Zapping kids' cancers with pinpoint precision

They are two words that should never go together, kids and cancer. But more than 16 out of every 100,000 kids get one form or another. Now, there's a new weapon to help kill this deadly disease.

"I was diagnosed with Ewing's Sarcoma,” Lilly Webb Bone Cancer Patient

It’s a big word for such a little girl, but Lilly webb knows exactly what it means.

Lilly Webb
"It's a small bone generated cancer and it's usually caused by injury," said Lily.

And she knows exactly when it was discovered.

"I was carrying stuff, and then I fell down the stairs," she said.

An increasing pain turned out to be a tumor wrapped around Lilly's spinal cord. Traditional radiation could damage other tissues, so doctors at the knight cancer institute used the new Tomo Therapy HD to help destroy Lilly's cancer.

"The beam is going to come all the way around the patient and the patient is going to slide through," said Carol Marquez, MD, a Radiation Oncologist at the Knight Cancer Center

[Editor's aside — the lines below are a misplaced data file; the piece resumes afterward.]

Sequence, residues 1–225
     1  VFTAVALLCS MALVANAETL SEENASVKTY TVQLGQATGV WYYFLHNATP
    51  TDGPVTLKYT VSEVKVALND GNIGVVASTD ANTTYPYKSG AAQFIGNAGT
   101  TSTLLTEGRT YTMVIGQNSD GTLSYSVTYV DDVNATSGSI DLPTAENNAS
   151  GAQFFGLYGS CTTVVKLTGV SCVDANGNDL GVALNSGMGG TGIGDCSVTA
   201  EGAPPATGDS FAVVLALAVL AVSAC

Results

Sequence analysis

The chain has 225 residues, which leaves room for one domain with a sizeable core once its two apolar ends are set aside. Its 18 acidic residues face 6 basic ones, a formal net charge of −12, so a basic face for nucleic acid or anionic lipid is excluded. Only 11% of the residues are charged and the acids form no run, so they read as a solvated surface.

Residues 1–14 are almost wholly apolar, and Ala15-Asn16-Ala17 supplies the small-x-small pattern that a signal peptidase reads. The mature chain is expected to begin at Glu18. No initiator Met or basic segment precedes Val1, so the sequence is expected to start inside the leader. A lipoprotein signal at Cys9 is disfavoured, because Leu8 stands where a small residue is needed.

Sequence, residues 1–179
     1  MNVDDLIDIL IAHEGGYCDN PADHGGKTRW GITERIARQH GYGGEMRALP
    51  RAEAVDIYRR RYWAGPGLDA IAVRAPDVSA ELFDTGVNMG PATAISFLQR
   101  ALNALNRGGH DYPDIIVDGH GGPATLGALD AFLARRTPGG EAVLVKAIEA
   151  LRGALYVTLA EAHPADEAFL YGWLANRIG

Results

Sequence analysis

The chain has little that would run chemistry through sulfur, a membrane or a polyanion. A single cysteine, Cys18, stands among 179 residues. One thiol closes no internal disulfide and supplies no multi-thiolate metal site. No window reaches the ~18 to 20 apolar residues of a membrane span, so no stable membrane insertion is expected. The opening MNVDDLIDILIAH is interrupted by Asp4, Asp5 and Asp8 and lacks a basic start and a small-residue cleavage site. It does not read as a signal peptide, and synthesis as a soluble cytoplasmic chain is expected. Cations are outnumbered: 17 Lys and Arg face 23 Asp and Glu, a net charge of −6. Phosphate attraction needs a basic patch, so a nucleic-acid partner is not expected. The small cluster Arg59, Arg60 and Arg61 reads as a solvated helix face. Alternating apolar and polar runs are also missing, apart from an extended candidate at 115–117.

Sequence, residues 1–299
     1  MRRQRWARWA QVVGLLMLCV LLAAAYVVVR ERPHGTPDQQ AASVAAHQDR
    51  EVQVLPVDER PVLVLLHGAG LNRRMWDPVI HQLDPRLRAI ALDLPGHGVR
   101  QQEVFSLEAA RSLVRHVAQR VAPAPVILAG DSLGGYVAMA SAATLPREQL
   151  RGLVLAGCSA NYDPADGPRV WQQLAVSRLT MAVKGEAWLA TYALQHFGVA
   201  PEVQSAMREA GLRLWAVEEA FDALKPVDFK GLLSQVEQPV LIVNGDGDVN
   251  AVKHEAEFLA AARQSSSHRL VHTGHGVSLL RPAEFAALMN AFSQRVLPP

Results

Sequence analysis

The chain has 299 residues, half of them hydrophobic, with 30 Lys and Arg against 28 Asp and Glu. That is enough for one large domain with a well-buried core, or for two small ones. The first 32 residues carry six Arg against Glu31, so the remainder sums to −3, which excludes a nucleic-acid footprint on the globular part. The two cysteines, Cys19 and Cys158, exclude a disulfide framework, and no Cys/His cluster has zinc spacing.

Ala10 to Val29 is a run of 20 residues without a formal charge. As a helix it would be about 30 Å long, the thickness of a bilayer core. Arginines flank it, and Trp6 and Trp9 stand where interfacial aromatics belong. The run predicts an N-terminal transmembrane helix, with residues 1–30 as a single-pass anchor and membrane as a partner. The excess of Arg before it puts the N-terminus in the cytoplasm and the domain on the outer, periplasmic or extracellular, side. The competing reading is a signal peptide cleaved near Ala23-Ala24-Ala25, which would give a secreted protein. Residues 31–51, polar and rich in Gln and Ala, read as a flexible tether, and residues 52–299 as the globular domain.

This machine is the only one using a specific beam pattern to treat a tumor. The radiation beam adjusts to stay on target.

"It spares the normal tissue better," said Dr. Marquez.

Lilly did experience some side effects.

"You get tired and your skin may get itchy," she said.

She was on this table for 28 days straight, for 30 minutes a day.

Carol Marquez, MD
"And usually asking me, can I go to school?" said Dr. Marquez.

Now cancer free, Lilly aced her treatments, and her classes.

"My favorite subject is science," she said.

Tomo HD is used in all types of pediatric cancers, especially brain cancers. In adults it's used for head and neck, rectal, and pancreatic cancers.

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